Hospital pharmacists could still face criminal prosecution for making an inadvertent dispensing error, despite UK government proposals to change the Medicines Act 1968.
The proposed reforms to medicines legislation, which could in future provide a defence to pharmacists who make a dispensing error, will only apply to pharmacists working from registered premises.
The body set up to oversee the changes to the law is looking for a solution so that hospital pharmacists will be given the same legal protection from criminal prosecution for making a dispensing error as their colleagues in the community.
“Personally, after all this time I cannot see how any organisation, representing either hospital pharmacists or technicians, or the wider public, can welcome a partial change in legislation that does not remove the threat of a strict liability criminal prosecution from the whole profession of pharmacy,” says David Miller, immediate past president and past chair of the Guild of Healthcare Pharmacists, which represents hospital pharmacists.
Under the current proposals, now out for consultation until 14 May 2015, the protection from prosecution will only apply if the medicine is sold or supplied from a registered pharmacy. Although community pharmacies have to be registered in order to provide pharmacy services, hospital pharmacies do not.
“Hospital pharmacies do not need to be registered – many are not,” said the government’s Rebalancing Medicines Legislation and Pharmacy Regulation Programme Board in a statement released on 16 February 2015.
It is now considering whether making it a requirement that hospital pharmacy services must be under the direction of a pharmacist might be enough to offer hospital pharmacists the same legal protection as their community colleagues.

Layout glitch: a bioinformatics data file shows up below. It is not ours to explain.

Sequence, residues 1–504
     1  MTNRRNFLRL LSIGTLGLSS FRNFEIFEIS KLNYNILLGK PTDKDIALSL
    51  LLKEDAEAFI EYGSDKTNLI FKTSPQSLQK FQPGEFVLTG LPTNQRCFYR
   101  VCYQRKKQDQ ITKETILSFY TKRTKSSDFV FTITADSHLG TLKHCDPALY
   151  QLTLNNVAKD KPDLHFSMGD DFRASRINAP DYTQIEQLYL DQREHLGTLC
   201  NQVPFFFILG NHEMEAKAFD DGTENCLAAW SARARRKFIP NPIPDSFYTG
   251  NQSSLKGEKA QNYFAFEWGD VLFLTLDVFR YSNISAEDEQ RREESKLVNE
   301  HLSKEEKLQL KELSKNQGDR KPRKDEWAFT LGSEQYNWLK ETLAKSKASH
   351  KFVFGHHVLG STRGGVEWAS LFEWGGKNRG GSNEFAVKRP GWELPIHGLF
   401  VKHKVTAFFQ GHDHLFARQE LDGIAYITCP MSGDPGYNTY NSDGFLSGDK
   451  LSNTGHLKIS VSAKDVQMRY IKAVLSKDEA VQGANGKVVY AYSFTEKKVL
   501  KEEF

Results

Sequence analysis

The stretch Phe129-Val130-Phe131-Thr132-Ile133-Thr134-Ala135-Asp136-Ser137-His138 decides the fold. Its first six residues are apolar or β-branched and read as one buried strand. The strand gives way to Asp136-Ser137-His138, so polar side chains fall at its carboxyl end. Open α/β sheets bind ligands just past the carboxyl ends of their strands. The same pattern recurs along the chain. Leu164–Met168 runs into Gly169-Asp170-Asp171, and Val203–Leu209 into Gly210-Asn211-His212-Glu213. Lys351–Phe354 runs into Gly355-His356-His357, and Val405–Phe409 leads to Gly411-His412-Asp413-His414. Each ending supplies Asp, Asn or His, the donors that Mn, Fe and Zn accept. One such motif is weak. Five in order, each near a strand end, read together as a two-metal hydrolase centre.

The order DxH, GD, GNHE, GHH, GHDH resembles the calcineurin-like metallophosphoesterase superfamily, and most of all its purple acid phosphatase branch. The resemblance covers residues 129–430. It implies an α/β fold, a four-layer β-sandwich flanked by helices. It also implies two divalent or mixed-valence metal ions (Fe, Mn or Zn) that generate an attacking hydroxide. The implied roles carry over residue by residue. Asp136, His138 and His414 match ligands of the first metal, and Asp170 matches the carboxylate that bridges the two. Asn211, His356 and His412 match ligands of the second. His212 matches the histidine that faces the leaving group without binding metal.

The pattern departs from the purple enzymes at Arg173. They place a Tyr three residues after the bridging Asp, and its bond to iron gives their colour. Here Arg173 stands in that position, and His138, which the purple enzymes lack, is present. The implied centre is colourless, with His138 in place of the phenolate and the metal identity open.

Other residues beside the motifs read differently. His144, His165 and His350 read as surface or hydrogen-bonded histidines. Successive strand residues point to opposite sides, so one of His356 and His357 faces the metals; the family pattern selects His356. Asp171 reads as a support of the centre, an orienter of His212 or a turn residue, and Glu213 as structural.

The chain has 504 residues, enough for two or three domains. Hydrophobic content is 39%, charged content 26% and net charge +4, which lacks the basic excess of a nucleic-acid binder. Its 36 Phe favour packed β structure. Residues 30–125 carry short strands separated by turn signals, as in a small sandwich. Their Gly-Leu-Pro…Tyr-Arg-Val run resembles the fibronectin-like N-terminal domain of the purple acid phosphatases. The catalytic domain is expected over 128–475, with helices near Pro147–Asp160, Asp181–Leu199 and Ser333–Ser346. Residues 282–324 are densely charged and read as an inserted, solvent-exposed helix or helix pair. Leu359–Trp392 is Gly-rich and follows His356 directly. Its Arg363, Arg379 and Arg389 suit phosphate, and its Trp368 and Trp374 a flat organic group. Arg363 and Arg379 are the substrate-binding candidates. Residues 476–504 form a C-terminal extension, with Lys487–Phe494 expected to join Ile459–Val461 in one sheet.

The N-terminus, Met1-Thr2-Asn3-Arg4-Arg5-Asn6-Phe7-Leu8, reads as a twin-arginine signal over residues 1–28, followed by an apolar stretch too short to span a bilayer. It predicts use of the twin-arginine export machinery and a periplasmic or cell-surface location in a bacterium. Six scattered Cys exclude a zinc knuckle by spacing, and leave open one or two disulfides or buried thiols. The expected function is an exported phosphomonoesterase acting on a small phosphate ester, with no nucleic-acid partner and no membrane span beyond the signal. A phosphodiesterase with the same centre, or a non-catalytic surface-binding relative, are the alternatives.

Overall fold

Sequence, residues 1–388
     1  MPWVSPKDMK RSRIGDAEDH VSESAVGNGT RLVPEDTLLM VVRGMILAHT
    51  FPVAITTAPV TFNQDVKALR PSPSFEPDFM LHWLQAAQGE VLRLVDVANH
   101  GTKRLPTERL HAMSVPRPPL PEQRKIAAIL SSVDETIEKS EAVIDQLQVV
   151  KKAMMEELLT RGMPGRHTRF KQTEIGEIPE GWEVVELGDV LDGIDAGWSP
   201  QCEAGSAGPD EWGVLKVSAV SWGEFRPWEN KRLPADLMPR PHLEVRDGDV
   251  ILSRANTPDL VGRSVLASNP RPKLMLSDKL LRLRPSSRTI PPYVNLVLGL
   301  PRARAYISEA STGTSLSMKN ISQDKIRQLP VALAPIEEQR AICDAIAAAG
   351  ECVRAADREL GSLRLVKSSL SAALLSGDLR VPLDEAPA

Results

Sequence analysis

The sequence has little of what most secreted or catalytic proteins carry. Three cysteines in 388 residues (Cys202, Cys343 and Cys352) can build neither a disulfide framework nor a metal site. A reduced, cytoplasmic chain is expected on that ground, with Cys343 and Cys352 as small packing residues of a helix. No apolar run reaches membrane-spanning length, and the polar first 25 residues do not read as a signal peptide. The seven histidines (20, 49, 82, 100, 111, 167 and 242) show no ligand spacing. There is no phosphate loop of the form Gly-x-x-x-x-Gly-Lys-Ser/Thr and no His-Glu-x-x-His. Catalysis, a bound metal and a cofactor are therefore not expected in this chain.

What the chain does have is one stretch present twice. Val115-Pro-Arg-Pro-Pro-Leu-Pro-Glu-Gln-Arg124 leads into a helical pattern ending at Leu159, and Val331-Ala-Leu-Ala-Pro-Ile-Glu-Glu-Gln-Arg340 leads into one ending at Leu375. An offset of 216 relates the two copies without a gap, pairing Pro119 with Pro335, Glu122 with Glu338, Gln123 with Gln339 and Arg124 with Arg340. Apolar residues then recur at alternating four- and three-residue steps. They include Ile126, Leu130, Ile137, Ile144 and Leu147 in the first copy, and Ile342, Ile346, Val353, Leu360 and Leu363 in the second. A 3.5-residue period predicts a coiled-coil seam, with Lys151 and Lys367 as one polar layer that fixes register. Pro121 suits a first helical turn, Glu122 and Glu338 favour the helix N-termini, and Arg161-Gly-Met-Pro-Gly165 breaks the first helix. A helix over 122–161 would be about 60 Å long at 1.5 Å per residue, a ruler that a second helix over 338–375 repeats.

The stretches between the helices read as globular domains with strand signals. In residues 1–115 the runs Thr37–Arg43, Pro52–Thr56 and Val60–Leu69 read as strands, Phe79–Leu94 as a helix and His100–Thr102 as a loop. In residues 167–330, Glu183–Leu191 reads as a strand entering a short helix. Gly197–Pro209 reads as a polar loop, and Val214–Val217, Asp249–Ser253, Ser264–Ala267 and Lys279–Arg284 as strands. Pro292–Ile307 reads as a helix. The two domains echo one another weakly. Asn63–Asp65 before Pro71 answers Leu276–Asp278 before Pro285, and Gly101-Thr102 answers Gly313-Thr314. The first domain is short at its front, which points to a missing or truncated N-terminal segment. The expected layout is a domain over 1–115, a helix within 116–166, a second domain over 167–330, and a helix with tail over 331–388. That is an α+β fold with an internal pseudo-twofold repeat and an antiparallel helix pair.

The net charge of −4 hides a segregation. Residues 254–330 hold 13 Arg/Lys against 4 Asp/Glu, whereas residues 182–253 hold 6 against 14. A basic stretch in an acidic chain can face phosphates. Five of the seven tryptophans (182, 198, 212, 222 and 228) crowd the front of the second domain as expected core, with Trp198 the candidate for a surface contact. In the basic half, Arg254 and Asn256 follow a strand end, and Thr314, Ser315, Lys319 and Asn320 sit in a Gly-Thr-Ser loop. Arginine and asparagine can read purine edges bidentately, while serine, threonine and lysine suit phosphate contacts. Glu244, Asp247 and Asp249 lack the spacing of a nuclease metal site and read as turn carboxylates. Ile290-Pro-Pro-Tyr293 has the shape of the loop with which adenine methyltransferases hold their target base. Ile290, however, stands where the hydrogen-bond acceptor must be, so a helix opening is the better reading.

The board said “it recognised the importance of bringing forward proposals for hospital pharmacy professionals at the earliest opportunity”.
“Ensuring that hospital pharmacy professionals have the same right to protection against criminal prosecution for inadvertent dispensing errors is a priority for the board,” said Ken Jarrold, the board’s chair.
“We know that fear of prosecution can hinder an open reporting and learning culture. That is why the board is considering the proposals for hospital pharmacy and is exploring the issues carefully to make sure that what is proposed can apply throughout the UK.”
The board’s advisory group decided against recommending a change in the law to make it a statutory requirement for all hospital premises to be registered because it said the move would be out of proportion to the need.
Currently, hospital pharmacists who make a dispensing error have not committed a criminal offence under section 64 of the Medicines Act if the error occurs when the medicine is dispensed according to the directions of a doctor or another prescriber (which is the case for most medicines supplied in hospitals). However, if the error occurs when the medicine is supplied against a prescription or sold they could face a criminal prosecution. And under section 63 of the Act, which relates to the adulteration of medicines, dispensing errors made by hospital pharmacists could also result in criminal charges.